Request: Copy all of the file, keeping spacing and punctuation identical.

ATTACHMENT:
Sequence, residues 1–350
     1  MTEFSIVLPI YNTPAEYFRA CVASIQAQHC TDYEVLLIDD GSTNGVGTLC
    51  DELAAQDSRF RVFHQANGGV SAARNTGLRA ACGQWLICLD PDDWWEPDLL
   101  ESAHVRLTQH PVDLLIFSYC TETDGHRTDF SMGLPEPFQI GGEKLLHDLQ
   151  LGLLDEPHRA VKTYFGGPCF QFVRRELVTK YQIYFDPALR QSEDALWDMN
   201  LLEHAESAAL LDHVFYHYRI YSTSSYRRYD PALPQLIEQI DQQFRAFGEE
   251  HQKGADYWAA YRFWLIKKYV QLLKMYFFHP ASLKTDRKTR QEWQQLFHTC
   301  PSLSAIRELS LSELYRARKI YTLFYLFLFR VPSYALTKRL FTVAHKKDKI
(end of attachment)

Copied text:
Sequence, residues 1–350
     1  MTEFSIVLPI YNTPAEYFRA CVASIQAQHC TDYEVLLIDD GSTNGVGTLC
    51  DELAAQDSRF RVFHQANGGV SAARNTGLRA ACGQWLICLD PDDWWEPDLL
   101  ESAHVRLTQH PVDLLIFSYC TETDGHRTDF SMGLPEPFQI GGEKLLHDLQ
   151  LGLLDEPHRA VKTYFGGPCF QFVRRELVTK YQIYFDPALR QSEDALWDMN
   201  LLEHAESAAL LDHVFYHYRI YSTSSYRRYD PALPQLIEQI DQQFRAFGEE
   251  HQKGADYWAA YRFWLIKKYV QLLKMYFFHP ASLKTDRKTR QEWQQLFHTC
   301  PSLSAIRELS LSELYRARKI YTLFYLFLFR VPSYALTKRL FTVAHKKDKI